A Portuguese research institute has made important strides in implementing continuous manufacturing for cell and gene therapies (CGTs). A team at iBET, a private not-for-profit institute that bridges industry and academia, reports that it took an early lead in process development for advanced therapies and is currently doing work for pharmaceutical companies, startups, and instrument manufacturers.

That’s according to Manuel Carrondo, PhD, VP of business development at iBET and a former professor at NOVA University of Lisbon. “To give you a perspective, we did the first perfusion for retrovirus vectors for gene therapy in the 90s,” he says.

iBET did process development for virus production at a time when it was otherwise mainly of interest to medical doctors and biologists, explains Carrondo: “We arrived early [to CGT] because we were looking for areas where not many people were active in understanding and developing processes. Everyone else was too busy with monoclonal [antibodies] and things like that.”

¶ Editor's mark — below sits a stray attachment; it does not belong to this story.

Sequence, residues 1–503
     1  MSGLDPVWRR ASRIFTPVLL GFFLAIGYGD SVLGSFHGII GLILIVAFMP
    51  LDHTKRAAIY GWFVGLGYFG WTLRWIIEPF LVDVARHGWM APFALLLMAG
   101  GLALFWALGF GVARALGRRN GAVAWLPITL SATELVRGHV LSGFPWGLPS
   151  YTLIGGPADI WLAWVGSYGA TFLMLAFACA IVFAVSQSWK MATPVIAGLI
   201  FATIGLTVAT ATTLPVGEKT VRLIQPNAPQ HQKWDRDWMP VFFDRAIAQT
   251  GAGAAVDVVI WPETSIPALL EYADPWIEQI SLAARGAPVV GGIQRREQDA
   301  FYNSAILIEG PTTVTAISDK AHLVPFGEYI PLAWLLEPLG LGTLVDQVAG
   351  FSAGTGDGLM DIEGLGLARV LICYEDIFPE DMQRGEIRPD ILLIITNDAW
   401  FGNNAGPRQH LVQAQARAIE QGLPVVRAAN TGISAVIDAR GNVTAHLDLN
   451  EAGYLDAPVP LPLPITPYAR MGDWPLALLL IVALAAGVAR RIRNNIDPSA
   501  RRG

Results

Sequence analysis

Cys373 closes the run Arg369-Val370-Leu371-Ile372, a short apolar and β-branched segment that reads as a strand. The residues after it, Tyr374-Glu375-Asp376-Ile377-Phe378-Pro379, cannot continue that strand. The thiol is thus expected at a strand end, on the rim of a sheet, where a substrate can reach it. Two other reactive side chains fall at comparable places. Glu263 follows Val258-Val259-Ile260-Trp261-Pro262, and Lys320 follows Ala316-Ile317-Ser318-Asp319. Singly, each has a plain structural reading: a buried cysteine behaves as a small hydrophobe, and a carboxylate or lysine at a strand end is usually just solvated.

Later the team worked on upstream and downstream process development for induced pluripotent (iPSC) and mesenchymal stem cells (MSCs), continues Carrondo, who will be speaking about continuous processing for CGTs at BioProcess International Europe in May.

The aspects of bioprocessing they’ve worked on, he says, include continuous chromatography and diverse tangential flow filtrations, as well as process analytical technologies and design of experiment.

“What we’re trying to show is that by doing continuous integrated [processing], you have always better quality, less cost of goods and—more than everything—it’s easier to keep the processes sterile,” he tells GEN, emphasizing that this is especially important with cells as they cannot be filtered for purity at the end of the process.

The institute has worked on bioreactors of up to 50 L and are starting to work at scales up to 200 L, points out Carrondo. They work at cGMP standard and to support technology transfer to their pharmaceutical industry partners.

Carrondo stresses, however, that continuous processing for CGTs does not yet mean full control and automation.

“Everything is very manual and small scale. Having it continuous saves on cost, improves quality, and facilities sterility, but it can’t be automated in the same way as monoclonals—or like in an oil refinery.”

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